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Too many circulars for service tax
May, 28th 2007

In one of the circulars issued on May 10, 2007 an important purpose has been achieved. Fortyeight circulars/clarifications/instructions have been deleted by this circular. This is in pursuance of a task force appointed for this purpose. It is too little because there is an innumerable number of circulars/clarifications/instructions, which are now in circulation and many of them deserve partial deletion. It is also too little, because only those circulars which have to be fully deleted have been identified but not those circulars needing partial deletion. 
The enormity of the problem can be understood only if we take into account the following five factors: 
(a) Enormity of the number of circulars: I have in front of me a book of circulars/clarifications/instructions and notifications published by a standard publishing house which runs into more than 800 pages. The following examples, which do not constitute an exhaustive list, will be revealing. There are 21 circulars for accounting codes, 14 for advertising agencies, 11 for banking & financial services, 9 for business auxiliary services, 6 for cable operators, 18 for caterers and catering, 11 for clearing and forwarding agents, 10 for consulting engineers, 10 for courier agencies, 10 for custom house agents and steamer agents, 120 for exemptions, 9 for foreign exchange and so on. So many circulars make it sure that at no point of time a taxpayer cannot be sure that he is doing the right thing. 
(b) There are so many types of circulars namely, instructions, clarifications and circulars. There are no differences between the three types. One really does not understand why there should be three varieties when only one would suffice. 
(c) Some general circulars too! It is not enough to see the circulars which are service specific. There are so many general circulars also applicable to the services. 
(d) There is a large number of notifications; and,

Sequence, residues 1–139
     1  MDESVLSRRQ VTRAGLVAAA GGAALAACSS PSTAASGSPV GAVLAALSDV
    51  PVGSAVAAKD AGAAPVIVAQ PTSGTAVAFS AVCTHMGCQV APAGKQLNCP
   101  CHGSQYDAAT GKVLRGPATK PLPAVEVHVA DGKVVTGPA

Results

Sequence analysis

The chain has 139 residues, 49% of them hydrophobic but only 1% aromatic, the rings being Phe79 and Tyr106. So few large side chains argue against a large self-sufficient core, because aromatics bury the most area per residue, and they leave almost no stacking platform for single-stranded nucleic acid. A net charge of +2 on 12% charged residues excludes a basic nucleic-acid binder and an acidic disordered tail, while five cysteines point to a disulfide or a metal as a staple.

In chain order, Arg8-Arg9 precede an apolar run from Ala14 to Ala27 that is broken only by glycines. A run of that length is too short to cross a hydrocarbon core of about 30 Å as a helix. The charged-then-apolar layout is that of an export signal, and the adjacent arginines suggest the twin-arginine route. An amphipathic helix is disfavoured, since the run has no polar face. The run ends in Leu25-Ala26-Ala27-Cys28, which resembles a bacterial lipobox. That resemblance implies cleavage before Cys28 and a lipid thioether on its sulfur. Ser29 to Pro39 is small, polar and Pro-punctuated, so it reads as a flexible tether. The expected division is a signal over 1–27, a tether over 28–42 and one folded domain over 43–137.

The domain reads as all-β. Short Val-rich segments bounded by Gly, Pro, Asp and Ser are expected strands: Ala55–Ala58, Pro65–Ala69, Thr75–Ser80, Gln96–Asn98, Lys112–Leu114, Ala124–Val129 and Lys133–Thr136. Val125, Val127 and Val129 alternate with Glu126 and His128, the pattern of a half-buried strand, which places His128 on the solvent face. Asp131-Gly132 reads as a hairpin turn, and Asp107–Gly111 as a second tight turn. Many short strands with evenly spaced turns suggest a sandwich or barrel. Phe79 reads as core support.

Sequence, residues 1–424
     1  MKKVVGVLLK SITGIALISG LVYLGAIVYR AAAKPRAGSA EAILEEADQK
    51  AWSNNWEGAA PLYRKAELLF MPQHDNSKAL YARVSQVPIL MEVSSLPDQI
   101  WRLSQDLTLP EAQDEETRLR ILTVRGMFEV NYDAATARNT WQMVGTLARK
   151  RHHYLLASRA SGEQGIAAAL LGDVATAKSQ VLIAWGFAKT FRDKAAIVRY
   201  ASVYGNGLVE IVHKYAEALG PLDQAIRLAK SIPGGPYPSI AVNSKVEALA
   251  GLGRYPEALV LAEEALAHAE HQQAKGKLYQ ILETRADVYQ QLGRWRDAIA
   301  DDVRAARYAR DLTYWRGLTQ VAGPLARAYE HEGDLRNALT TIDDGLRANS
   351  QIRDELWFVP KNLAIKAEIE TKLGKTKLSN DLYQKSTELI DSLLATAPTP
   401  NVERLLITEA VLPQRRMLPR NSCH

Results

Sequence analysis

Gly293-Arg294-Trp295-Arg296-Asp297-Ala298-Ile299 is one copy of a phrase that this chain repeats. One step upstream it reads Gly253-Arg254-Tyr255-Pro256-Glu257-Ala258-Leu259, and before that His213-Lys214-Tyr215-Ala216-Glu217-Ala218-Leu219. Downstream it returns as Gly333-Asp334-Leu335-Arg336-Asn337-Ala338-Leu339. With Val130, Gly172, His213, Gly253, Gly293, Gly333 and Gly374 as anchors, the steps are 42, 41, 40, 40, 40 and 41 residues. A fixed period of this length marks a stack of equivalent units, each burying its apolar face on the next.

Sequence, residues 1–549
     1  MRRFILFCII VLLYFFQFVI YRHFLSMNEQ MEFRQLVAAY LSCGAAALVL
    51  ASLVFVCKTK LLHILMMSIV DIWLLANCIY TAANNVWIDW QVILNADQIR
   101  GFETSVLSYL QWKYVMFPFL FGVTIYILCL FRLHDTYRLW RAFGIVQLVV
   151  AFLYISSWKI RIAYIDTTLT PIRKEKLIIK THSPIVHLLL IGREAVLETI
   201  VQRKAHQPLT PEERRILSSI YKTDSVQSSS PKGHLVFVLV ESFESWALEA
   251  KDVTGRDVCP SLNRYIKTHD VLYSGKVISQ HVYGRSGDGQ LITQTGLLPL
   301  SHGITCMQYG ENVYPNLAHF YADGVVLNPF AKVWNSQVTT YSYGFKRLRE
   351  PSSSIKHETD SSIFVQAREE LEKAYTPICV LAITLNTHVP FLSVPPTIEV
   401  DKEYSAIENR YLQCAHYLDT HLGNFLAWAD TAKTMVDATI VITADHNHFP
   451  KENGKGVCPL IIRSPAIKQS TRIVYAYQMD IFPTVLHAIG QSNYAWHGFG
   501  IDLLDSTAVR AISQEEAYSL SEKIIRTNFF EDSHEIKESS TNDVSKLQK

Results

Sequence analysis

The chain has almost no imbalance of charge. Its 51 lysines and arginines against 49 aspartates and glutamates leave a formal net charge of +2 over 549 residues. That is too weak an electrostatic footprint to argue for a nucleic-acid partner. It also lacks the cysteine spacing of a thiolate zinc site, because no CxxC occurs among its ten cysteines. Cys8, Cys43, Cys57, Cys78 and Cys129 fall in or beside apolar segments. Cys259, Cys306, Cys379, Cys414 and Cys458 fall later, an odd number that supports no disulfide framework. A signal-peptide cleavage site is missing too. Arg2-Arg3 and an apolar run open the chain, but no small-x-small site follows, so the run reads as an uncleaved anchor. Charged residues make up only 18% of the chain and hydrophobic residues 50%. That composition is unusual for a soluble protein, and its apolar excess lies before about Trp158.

(e) There is also a large number of exemptions. 
All the above situations have made it extremely difficult to form a definite opinion about any service in relation to its applicability and scope. It has become virtually a circular-driven service tax. 
Some economists have suggested that there should be a comprehensive service tax with a negative list. It is worthwhile devoting some thoughts to that end. But so long as any such comprehensive service tax is not introduced, the following should be done to make the existing service tax come out of the jungle of confusions and contradictions. 
(i) A new Task Force should be appointed to work out, in a time-bound manner, a concrete scheme of limited circulars. 
(ii) It should consist some existing officers dealing with the subject, some retired officers and an economist. 
(iii) They should review all circulars and redraft them on the following basis: 
(i) Distinction between circulars, clarifications and instructions should be abolished and only one set of circulars should be issued. 
(ii) There should be one, comprehensive circular for each service. This means it will deal with its scope, valuation, abetment, accounting code, and everything else. 
(iii) So there will be as many circulars as there are services. 
(iv) These circulars should bear numbers such as Courier Services/1/File No./Date. 
(v) Any subsequent amendments should be part of the original circular and the whole circular should be reissued. 
These ideas may be circulated by the Board in the website and opinion of the taxpayers and all others taken before launching the new task force. 

Sukumar Mukhopadhyay

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